From J. W. von Goethe, Geheimrat
To J. W. Worthy, Professor
Dear Professor Worthy,

       After reading and re-reading your last letter I find its style almost as confusing as are the Gospels themselves.  Here is what I gather that you were trying to say.  The great historical processes are difficult to comprehend in all their roots and ramifications, therefore history tends to personify them.  You offer as examples the development of monotheism in the person of Abraham, the drawing of its ethical implications in the person of Moses.  Similarly, the thousands and thousands of crucifixions, over many centuries are concentrated into the one figure of Jesus, so that the Old Covenant's universal promise is fulfilled in the personified god.  This strikes me as a simple and agreeable insight.  I wonder, therefore, at your somewhat garbled presentation. Are you intentionally making Pastor Wesley puzzle over the sense of your letter, so that he may have the satisfaction of  at last formulating it for himself?

       I hope so, for that might get our correspondence off this all too pious track, and back onto the topic which attracted me in the first place:  just exactly what is a "classical" work?  Obviously it is one which provokes thought, demanding that the reader put a good deal of effort into it.  I suppose every good teacher, every public speaker knows his audience must participate in order to get his point.  When I was young, I thought poetry was self-expression--or, as Herder put it, the self-expression of a native genius (like me).  The poems of my old age, on the other hand, are much leaner, if the reader wants meaning, he must supply it himself.  Actually, I use the French word suppléer, he must supplement my sparse words so as to produce meaning, each reader's own unique meaning.  Perhaps that is the way I react to your letter: I believe you are trying to challenge Pastor Wesley to solve the problem in his own way.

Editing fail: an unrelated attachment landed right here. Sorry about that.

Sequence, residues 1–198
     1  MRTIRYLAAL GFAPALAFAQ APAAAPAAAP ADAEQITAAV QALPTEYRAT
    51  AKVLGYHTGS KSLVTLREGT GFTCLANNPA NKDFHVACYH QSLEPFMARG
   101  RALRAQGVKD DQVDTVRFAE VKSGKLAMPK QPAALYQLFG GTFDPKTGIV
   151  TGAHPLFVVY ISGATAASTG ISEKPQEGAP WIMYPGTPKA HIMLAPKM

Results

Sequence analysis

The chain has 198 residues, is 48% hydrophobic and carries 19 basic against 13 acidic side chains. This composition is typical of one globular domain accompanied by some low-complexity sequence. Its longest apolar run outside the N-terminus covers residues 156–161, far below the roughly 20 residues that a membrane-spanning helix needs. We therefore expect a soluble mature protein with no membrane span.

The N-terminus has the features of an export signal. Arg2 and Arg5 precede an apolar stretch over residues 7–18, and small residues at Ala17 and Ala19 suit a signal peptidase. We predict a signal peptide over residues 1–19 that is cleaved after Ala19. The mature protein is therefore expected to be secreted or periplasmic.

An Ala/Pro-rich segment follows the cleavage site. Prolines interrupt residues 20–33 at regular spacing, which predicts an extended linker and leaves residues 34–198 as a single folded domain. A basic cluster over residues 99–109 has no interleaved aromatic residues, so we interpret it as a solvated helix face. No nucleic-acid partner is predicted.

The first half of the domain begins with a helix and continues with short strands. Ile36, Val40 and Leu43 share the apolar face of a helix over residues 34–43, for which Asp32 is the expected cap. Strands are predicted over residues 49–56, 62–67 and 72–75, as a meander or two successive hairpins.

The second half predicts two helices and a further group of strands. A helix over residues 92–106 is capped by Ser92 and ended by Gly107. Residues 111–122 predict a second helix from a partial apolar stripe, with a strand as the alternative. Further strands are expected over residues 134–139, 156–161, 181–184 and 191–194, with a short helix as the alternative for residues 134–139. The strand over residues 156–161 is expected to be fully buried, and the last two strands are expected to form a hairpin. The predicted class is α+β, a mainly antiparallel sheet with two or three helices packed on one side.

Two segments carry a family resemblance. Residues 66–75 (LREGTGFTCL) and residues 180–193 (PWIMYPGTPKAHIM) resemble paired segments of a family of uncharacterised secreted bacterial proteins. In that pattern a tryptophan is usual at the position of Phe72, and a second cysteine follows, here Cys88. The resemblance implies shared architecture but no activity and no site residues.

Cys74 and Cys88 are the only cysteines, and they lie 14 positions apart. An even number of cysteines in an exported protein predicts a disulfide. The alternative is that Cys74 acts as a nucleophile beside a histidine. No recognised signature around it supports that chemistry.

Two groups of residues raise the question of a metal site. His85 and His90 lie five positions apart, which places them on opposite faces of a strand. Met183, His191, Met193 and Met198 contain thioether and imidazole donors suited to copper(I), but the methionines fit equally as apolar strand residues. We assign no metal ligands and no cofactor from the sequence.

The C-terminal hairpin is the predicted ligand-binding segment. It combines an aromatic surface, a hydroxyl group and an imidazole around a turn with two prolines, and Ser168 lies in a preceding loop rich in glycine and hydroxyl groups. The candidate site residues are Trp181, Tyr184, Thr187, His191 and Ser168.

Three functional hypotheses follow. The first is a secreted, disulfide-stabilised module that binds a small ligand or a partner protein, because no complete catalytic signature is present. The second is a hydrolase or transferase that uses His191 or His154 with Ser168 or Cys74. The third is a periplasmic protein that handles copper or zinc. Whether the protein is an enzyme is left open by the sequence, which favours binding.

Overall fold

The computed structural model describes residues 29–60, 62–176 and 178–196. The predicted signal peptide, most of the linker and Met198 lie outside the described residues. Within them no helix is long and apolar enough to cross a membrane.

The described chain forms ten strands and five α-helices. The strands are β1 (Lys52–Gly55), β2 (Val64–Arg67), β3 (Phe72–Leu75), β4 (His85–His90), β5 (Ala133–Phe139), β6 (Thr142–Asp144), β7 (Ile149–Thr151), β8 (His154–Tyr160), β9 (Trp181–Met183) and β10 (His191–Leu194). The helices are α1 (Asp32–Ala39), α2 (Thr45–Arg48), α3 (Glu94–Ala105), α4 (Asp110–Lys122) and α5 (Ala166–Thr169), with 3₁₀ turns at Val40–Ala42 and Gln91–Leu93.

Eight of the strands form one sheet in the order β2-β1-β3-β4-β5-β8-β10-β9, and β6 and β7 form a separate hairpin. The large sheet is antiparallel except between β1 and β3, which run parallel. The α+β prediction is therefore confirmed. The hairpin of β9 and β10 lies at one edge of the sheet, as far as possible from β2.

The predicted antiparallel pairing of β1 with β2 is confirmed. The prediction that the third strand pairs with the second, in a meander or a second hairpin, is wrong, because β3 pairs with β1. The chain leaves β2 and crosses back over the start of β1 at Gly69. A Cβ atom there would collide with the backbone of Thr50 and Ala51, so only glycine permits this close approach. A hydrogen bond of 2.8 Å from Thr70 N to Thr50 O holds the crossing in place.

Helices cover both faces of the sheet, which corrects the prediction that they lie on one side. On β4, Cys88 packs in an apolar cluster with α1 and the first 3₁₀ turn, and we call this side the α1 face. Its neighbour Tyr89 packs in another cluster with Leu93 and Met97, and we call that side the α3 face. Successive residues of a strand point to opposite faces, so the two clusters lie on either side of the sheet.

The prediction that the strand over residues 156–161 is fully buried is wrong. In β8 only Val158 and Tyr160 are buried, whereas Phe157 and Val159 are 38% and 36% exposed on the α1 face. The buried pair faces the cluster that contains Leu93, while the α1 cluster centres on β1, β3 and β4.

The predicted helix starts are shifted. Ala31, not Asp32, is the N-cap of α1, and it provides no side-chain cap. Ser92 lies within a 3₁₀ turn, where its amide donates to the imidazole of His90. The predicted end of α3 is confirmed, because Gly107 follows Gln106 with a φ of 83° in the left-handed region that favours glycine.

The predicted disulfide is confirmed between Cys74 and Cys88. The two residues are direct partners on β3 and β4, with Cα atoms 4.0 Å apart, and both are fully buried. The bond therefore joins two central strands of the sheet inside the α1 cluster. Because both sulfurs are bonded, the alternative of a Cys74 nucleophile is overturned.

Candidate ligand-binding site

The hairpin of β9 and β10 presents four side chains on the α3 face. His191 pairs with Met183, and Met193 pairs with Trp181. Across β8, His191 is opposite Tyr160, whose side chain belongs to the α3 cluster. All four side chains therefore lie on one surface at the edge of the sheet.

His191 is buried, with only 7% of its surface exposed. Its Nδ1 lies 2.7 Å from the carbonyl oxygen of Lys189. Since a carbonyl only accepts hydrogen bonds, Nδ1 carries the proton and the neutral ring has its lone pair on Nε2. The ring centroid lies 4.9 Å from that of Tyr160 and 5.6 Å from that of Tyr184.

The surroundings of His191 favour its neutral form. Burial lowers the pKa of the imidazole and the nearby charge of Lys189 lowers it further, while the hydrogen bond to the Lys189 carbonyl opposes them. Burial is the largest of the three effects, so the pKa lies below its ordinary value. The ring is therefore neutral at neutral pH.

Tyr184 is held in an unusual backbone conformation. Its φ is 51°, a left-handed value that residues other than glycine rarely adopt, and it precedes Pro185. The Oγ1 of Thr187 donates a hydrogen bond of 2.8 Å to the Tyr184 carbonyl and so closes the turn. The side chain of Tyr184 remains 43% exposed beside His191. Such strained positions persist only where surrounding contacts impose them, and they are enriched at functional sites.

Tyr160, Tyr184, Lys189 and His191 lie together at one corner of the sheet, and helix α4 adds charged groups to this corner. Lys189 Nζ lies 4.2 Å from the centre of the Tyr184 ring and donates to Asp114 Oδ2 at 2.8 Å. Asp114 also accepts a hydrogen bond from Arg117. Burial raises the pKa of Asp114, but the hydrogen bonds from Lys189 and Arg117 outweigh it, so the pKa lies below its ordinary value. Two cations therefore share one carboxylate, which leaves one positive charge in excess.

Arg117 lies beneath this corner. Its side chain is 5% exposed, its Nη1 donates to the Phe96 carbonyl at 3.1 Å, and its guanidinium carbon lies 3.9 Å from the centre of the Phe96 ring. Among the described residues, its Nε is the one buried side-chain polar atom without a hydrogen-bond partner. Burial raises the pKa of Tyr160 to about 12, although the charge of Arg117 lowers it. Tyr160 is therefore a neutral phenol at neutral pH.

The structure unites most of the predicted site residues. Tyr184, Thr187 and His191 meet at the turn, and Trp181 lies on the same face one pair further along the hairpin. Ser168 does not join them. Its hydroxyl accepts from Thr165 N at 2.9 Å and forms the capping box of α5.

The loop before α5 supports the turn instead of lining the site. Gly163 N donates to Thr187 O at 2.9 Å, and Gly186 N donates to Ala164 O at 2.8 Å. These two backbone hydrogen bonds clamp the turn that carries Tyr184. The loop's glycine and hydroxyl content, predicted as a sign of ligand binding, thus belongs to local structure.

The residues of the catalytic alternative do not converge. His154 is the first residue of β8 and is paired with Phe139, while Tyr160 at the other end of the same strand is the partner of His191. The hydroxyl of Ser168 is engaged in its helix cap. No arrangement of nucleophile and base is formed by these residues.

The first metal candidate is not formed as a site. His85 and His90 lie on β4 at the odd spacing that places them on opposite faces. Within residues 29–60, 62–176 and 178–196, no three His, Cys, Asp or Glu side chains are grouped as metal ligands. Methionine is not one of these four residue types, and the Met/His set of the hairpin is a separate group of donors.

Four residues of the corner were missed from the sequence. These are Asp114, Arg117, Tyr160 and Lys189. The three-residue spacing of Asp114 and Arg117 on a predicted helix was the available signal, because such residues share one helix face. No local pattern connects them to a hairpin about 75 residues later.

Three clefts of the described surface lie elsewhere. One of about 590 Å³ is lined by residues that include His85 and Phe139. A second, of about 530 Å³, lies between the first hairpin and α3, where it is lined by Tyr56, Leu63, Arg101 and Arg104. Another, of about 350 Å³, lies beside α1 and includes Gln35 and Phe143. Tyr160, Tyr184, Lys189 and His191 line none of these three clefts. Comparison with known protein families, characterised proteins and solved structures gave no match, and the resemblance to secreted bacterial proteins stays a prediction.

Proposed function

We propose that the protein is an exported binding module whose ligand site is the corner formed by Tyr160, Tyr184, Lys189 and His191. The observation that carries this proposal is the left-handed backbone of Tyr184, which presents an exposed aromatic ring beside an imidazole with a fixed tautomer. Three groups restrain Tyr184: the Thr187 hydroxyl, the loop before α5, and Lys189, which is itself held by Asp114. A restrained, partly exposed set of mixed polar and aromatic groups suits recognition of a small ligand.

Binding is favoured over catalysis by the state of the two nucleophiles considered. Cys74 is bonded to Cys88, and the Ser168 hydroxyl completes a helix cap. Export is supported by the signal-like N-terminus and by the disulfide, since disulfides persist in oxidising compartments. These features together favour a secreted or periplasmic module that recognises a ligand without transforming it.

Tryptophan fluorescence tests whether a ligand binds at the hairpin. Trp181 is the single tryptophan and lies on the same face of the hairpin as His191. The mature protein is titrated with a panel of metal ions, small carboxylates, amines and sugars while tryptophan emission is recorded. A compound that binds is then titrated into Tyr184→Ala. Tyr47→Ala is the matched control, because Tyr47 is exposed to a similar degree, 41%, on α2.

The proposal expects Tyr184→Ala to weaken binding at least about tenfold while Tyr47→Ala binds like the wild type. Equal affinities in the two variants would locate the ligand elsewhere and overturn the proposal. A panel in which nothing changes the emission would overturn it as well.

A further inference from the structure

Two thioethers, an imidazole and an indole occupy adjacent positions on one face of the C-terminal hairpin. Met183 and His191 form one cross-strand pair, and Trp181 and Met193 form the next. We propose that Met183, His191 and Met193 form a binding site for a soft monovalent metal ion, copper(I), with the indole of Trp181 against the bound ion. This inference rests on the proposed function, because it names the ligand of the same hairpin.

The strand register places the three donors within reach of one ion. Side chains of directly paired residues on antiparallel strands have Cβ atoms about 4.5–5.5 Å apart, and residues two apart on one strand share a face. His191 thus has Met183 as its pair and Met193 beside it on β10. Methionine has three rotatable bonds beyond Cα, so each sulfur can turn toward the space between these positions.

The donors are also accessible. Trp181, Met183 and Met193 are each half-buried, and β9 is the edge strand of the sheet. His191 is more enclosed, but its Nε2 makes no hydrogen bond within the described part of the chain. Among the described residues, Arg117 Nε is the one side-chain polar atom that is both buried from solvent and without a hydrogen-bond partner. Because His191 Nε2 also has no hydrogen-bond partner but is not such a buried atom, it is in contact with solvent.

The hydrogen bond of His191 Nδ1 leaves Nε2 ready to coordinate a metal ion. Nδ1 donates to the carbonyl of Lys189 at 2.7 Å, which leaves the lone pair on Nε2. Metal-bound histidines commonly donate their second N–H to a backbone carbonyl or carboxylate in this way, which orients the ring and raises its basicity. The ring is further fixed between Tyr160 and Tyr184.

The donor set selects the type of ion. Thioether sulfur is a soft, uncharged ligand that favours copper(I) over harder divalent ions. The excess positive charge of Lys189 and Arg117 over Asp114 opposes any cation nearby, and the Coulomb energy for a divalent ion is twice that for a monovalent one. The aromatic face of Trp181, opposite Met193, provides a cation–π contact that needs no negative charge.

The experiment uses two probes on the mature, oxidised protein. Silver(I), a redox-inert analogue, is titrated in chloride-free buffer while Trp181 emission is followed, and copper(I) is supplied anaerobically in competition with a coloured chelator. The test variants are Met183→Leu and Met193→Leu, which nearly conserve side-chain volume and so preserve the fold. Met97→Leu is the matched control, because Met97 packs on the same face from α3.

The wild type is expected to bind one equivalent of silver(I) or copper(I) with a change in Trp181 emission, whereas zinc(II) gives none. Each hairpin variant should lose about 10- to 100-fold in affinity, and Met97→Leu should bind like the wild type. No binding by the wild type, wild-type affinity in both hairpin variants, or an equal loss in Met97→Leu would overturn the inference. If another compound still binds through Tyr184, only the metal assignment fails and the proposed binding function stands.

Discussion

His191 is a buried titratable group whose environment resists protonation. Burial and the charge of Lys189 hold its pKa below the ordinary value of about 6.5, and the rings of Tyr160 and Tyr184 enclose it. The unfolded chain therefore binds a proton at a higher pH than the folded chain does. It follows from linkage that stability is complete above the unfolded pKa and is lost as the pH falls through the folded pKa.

Luther likes to compare Virgil with "Moses," presumed author of the Pentateuch.  The Bible, he says, uses few words but carries great meaning.  In this sense, of course, Luther thinks Jesus is the greatest classic, "He combines heaven and earth into one morsel when he speaks." If Luther is right, and I think he may be, then the greatest classic is the work which accumulates the most extensive midrash, or perhaps I should say, the midrash which best suits you.  The Gospels might then constitute our greatest classic, a summation of the best minds throughout recent millennia.  One might observe, however, that the sayings of Jesus are themselves midrash on the Old Testament.  In any case, I think you may be making a contribution to what is really meant by the term "classical work of literature."

     In that case, the concept of a "classic" refers  us back to the Augustinian notion of time, which he obviously feels to be God's great productive force  (Book 11 of his Confessions).  However wonderful we think a work is, it is not a classic until layer upon layer of readings and commentary is passed down and accumulated from one generation to the next.  It becomes something different for every epoch.  Cicero as individual is heard but once before the Senate.  Classical Cicero, the one you and I know, is part of the development of the Western mind, as it feeds and ruminates upon the pasture of time.

                                                                                     With most sincere good wishes,

                                                                                                                                 Goethe

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